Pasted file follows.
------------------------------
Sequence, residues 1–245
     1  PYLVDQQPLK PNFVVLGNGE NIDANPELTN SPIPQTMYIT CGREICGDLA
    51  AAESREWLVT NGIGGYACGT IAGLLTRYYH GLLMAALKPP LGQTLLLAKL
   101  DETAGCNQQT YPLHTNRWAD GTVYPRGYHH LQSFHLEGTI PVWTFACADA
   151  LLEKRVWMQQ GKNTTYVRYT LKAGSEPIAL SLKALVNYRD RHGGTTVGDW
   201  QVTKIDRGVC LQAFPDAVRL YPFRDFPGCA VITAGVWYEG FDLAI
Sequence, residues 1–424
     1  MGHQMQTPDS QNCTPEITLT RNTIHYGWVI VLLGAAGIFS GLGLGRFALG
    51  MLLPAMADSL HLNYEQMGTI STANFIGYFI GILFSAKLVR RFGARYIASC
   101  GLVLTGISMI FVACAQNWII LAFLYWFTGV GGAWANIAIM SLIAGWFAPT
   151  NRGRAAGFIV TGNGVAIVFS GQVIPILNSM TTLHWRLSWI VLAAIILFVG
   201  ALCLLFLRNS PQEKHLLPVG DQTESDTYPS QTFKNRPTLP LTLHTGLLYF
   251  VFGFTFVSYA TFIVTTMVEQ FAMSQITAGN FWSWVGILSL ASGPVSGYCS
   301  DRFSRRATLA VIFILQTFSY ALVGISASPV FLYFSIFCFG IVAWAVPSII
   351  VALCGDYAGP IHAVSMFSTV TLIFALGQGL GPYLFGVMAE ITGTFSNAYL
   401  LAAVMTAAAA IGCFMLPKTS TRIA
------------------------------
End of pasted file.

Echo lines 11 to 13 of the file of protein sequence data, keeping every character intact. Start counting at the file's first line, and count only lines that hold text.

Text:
   151  NRGRAAGFIV TGNGVAIVFS GQVIPILNSM TTLHWRLSWI VLAAIILFVG
   201  ALCLLFLRNS PQEKHLLPVG DQTESDTYPS QTFKNRPTLP LTLHTGLLYF
   251  VFGFTFVSYA TFIVTTMVEQ FAMSQITAGN FWSWVGILSL ASGPVSGYCS